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Download The Grace of Silence: A Memoir Audiobook

Extended Audio Sample The Grace of Silence: A Memoir, by Michele Norris Click for printable size audiobook cover
3 out of 53 out of 53 out of 53 out of 53 out of 5 3.00 (914 ratings) (rate this audio book) Author: Michele Norris Narrator: Michele Norris Publisher: Penguin Random House Format: Unabridged Audiobook Delivery: Instant Download Audio Length: Release Date:
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A profoundly moving and deeply personal memoir by the co-host of National Public Radio’s flagship program All Things Considered
 
While exploring the hidden conversation on race unfolding throughout America in the wake of President Obama’s election, Michele Norris discovered that there were painful secrets within her own family that had been willfully withheld. These revelations—from her father’s shooting by a Birmingham police officer to her maternal grandmother’s job as an itinerant Aunt Jemima in the Midwest—inspired a bracing journey into her family’s past, from her childhood home in Minneapolis to her ancestral roots in the Deep South. 
 
The result is a rich and extraordinary family memoir—filled with stories that elegantly explore the power of silence and secrets—that boldly examines racial legacy and what it means to be an American.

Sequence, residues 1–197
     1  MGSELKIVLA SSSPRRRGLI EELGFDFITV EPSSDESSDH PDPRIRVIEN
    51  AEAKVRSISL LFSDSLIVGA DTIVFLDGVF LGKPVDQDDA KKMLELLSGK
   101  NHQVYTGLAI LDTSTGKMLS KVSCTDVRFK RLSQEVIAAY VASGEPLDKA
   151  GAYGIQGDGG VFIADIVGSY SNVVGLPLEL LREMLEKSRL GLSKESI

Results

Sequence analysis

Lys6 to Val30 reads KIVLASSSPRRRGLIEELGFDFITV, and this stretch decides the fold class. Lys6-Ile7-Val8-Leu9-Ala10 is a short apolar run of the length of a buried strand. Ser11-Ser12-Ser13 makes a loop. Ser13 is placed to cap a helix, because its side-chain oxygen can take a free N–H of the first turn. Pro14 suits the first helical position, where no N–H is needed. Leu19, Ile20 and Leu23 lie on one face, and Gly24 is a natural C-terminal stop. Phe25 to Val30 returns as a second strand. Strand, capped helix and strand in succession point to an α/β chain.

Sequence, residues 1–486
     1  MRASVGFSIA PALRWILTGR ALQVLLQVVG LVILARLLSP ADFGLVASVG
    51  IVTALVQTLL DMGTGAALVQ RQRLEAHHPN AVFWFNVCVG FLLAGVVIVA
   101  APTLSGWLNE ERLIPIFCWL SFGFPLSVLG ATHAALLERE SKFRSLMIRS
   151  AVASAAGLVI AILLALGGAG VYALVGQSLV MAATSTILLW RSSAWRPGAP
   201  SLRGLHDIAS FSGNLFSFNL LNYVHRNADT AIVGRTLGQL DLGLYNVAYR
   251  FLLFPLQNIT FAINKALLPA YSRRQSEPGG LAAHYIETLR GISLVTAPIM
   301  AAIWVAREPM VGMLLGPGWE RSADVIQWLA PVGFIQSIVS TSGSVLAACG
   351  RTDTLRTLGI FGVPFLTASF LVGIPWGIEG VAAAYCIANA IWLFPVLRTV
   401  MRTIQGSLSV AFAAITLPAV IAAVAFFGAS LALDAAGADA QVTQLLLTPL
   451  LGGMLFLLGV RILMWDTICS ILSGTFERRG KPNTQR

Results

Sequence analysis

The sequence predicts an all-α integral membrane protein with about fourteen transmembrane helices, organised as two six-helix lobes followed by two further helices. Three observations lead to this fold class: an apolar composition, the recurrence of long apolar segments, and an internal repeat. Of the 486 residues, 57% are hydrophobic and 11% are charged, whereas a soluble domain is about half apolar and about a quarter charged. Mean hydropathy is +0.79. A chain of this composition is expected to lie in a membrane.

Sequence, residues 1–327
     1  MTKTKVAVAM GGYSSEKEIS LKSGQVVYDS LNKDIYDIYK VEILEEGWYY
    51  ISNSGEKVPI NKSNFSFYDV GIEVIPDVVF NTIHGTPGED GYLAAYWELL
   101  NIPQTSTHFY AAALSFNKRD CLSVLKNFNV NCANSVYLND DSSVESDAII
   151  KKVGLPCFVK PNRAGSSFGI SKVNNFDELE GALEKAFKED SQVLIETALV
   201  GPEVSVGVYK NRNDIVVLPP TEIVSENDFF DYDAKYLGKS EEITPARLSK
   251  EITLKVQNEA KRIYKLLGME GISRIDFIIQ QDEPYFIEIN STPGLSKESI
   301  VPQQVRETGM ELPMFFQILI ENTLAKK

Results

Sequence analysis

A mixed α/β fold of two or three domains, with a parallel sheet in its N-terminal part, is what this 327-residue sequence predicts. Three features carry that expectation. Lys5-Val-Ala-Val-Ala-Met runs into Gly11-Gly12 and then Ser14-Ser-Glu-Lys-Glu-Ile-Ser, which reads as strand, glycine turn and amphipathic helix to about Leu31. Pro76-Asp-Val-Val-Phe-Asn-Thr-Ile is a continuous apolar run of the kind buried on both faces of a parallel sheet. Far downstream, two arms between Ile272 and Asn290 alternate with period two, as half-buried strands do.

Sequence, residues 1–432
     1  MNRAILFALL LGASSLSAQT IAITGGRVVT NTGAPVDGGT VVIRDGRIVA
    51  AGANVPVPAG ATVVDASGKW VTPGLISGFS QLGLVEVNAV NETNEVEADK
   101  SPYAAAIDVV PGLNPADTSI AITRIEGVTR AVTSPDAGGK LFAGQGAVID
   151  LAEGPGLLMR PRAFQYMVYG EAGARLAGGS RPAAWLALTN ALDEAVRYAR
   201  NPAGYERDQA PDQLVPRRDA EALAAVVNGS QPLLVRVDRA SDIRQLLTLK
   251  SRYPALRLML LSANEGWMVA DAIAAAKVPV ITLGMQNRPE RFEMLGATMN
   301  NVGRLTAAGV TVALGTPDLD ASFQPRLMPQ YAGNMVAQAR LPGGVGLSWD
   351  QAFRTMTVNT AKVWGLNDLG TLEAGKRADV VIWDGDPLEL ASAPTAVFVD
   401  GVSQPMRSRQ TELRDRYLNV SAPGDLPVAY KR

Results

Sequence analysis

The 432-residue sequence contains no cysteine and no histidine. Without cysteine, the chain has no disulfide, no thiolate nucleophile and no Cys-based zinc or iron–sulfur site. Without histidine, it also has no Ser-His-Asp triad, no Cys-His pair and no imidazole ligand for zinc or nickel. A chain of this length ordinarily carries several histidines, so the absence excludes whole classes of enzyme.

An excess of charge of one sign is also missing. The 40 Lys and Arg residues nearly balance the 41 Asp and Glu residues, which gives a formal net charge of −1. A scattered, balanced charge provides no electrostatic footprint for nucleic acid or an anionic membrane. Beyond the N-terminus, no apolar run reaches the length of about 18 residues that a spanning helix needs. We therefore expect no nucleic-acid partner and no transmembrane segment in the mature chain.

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Quotes & Awards

  • “Revelatory, heart-piercing.”

    Baltimore Sun

  • A riveting, inspiring memoir of an at once singular and representative American family. Norris takes us on a painful yet triumphant journey of self-discovery. She relies on her formidable skills as an investigative reporter to unearth shocking family secrets kept from her by her father and mother when she was growing up. Feeling hurt and betrayed, she learns that their lack of forthrightness allowed her to rise in a country haunted by its racial past. Powerful and tender, The Grace of Silence reveals our human complexity in exemplary fashion. Henry Louis Gates, Jr., University Professor and Director of the W. E. B. Du Bois Institute, Harvard University, and author of Colored People
  • History at its best is about telling stories—stories about people who lived before, about events in the past that create the contours of the present…In the hands of a gifted storyteller, a memoir becomes more than a chronicle of the writer’s life. It becomes the history of a time and a place. So it is with this magnificent memoir—one of the most eloquent, moving and insightful memoirs I have ever read. Doris Kearns Goodwin, Pulitzer Prize-winning historian and author of the New York Times bestseller Team of Rivals
  • Michele Norris takes us on a riveting personal journey from north to south and back again through the tangled landscape of race in America—and teaches anew about the pain and possibilities of our past and future. Tom Brokaw, author of New York Times bestsellers The Greatest Generation and Boom
     
  • A soaring memoir that pays powerful tribute to the quiet and dignified heroes among us. Norris’ remarkable family, and her courageous journey to tell their story, creates an inspiring portrait of America that will stay with you forever. I loved this book. 
                —Dave Isay, founder of StoryCorps